Certain techniques never die. Flax plucking in 1943 compared to 2022. Source: Sisko Puolanne, the Finnish Heritage Agency. Kansatieteen kuvakokoelma. Suurtalkoot ry:n kokoelma. CC BY 4.0, and Elsa Hietala, the Finnish Museum of Agriculture Sarka.

The wheels began to turn quickly in spring of 2022, when the planning stage began. First, the project settled on using a flax seed variation called Lisette, which were ordered from Sweden. Then in May, the seeds alongside a set of instructions were distributed to anyone who showed interest towards this project. In terms of public communications, the project has its own website and an active media presence. An active approach to public communications has proven to be a very vital part of this project in terms of guidance and visibility.

The project also organised two webinars throughout the year, which focused on sharing advice and past experiences on flax growing. The webinars were well received, and allowed us, the project managers, to realise how much events like these are appreciated. The Sarka museum also organised its annual harvesting market in September, where several different types of demonstrations on flax processing were shown. This event was also received very well by the public, reaching over a thousand spectators. The museum was able to utilise the flax grown in their own flax field, which added a nice touch to the demonstrations.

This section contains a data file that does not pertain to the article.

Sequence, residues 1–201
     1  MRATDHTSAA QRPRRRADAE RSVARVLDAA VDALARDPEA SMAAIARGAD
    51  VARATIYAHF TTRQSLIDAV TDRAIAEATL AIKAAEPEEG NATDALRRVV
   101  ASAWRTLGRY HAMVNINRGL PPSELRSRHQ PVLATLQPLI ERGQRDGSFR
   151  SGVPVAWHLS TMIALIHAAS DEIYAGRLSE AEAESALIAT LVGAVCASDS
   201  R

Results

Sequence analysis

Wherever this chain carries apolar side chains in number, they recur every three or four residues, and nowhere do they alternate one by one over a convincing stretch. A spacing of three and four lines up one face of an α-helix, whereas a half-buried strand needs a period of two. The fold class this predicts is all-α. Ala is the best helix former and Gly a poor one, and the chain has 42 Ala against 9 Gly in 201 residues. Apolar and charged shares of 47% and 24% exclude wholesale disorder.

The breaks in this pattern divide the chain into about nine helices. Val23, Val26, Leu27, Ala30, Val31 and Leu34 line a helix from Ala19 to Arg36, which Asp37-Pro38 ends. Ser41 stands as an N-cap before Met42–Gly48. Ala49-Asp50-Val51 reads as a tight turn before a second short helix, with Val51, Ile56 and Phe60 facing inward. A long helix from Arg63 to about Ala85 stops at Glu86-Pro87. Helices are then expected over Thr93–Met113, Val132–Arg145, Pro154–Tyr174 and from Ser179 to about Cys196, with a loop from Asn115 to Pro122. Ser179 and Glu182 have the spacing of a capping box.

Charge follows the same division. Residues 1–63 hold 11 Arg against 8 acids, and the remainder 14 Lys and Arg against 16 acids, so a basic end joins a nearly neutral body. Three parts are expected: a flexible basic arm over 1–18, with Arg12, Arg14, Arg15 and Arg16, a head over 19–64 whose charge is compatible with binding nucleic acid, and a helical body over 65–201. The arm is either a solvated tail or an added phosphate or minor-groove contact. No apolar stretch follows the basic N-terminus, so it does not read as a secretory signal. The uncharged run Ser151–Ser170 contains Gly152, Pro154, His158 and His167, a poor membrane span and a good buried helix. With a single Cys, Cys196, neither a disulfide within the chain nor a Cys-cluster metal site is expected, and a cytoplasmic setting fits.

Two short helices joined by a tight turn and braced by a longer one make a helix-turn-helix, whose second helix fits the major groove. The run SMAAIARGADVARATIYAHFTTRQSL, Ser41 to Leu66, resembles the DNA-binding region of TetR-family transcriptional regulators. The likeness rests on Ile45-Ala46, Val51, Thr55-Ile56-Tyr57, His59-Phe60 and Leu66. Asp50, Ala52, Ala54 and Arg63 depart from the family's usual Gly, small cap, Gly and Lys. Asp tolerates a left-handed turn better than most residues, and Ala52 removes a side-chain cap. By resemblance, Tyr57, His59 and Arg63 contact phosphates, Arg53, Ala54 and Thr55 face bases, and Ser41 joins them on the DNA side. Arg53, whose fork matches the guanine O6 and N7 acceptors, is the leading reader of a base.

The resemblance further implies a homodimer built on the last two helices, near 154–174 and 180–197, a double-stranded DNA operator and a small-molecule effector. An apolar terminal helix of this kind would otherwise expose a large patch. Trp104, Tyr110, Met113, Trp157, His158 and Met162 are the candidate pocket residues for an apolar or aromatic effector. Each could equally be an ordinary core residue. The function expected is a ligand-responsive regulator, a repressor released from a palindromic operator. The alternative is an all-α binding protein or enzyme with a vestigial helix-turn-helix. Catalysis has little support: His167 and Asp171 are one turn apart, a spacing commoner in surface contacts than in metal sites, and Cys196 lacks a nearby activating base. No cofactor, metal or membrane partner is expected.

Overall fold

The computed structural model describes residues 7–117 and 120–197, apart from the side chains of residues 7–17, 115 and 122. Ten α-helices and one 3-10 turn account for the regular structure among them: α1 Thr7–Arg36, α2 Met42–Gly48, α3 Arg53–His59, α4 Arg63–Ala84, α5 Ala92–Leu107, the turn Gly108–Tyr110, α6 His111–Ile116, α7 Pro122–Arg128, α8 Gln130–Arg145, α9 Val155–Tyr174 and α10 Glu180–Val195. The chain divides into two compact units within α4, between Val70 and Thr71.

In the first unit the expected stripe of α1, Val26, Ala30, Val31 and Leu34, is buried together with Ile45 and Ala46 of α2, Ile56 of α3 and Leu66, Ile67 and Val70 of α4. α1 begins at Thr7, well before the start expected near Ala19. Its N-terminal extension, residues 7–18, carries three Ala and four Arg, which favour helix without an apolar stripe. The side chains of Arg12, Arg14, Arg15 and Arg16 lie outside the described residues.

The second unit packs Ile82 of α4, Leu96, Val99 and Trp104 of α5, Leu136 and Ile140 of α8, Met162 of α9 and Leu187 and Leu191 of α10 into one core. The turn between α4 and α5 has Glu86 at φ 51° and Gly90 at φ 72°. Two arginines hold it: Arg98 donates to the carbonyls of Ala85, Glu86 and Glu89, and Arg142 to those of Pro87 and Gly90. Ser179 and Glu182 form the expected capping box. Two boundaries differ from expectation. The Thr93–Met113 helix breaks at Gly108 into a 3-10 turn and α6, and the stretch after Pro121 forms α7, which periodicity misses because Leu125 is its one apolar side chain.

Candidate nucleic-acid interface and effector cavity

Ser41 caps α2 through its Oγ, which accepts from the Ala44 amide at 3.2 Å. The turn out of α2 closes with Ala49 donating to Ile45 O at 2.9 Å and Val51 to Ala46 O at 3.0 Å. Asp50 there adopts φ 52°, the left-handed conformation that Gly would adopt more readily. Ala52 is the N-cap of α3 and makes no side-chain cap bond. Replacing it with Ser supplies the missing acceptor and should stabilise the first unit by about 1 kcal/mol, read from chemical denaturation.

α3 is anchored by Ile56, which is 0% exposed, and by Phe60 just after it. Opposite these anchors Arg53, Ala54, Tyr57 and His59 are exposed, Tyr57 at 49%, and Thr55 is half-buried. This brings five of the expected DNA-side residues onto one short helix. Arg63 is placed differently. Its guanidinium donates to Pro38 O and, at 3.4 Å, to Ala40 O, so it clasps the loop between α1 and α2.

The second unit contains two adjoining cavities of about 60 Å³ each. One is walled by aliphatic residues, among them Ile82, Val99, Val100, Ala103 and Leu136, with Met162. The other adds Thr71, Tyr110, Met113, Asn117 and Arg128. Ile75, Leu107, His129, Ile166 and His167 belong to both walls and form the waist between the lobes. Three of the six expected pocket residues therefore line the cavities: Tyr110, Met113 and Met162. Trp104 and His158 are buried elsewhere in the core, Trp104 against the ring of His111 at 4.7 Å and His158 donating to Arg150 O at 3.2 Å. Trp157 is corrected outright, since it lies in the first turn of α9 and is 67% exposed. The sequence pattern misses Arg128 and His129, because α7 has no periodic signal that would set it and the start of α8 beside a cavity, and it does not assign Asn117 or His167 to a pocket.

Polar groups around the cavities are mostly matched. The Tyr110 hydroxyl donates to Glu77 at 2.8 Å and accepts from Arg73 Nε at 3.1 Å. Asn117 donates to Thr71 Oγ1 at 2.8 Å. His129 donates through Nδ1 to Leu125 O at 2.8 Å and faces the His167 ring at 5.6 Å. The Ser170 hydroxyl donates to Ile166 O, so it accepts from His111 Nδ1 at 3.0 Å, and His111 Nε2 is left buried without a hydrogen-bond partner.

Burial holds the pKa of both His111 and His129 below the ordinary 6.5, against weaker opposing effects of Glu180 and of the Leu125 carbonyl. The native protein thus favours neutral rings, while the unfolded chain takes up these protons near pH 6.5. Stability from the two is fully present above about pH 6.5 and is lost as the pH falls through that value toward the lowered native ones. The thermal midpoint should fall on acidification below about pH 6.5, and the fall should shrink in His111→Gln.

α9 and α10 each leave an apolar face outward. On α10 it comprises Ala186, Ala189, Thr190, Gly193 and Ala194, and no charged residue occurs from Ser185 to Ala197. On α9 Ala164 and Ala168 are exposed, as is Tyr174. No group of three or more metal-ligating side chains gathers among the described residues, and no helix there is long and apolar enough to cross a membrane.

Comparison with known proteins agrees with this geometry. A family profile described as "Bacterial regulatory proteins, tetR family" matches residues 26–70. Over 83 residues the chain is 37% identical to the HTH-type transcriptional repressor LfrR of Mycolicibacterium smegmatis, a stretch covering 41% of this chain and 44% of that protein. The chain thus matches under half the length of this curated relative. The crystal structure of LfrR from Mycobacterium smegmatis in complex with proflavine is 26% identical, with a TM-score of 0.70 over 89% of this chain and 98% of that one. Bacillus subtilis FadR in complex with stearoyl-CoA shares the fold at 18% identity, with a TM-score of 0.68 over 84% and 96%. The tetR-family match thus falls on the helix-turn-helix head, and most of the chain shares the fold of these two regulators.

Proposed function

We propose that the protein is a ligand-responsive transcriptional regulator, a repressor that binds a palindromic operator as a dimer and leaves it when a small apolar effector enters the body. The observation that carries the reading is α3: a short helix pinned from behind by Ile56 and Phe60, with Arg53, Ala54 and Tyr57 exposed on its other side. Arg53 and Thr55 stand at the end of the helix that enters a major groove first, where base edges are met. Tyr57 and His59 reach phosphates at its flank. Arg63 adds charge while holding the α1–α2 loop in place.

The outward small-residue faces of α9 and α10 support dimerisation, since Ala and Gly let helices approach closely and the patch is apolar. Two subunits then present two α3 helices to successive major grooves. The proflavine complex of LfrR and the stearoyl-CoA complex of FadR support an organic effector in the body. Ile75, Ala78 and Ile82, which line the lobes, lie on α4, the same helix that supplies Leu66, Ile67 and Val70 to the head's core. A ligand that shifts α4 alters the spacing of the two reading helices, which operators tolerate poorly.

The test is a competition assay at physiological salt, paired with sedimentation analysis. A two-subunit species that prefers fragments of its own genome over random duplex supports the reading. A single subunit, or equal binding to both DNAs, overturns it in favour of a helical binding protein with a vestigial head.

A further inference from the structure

The old techniques of flax processing were shown at the Köyri-market in September of 2022. Source: Maileena Vaajoensuu, the Finnish Museum of Agriculture Sarka.

Square Metre of Flax brings awareness to how linen is made, and brings people back to the very sources of this material through active participation. Nowadays commercialised flax cultivation has been outsourced in Finland almost completely, which in turn has made the whole process of growing and processing flax quite foreign to most people. The project also shines a heavy light on sustainability. Learning how much work and time goes to growing the plant, processing the fibres, spinning the fibres to yarn, and finally weaving the yarn to fabric will hopefully motivate people to be more aware of the value of different clothing materials. Alongside the actual farming tasks, the Sarka museum also encouraged participants to document their experiences on flax cultivation and their past memories of this activity to the museum’s collection on contemporary documentation. This way the different experiences can be used later for the purpose of future education and research.

The aftermath of threshing flax at the harvesting market. Maileena Vaajoensuu, the Finnish Museum of Agriculture Sarka.

Elina Parkkila (M.A.)

Museum Curator at the Finnish Museum of Agriculture Sarka

Suomen maatalousmuseo Sarka, Vanhankirkontie 383, 32200 Loimaa, Finland

For more information on Square Metre of Flax, please contact:

Elsa Hietala, Museum Curator at the Finnish Museum of Agriculture Sarka,

The Finnish Museum of Agriculture Sarka


IG: @sarkamuseo

FB: (Suomen maatalousmuseo Sarka)

Twitter: (@sarkamuseo)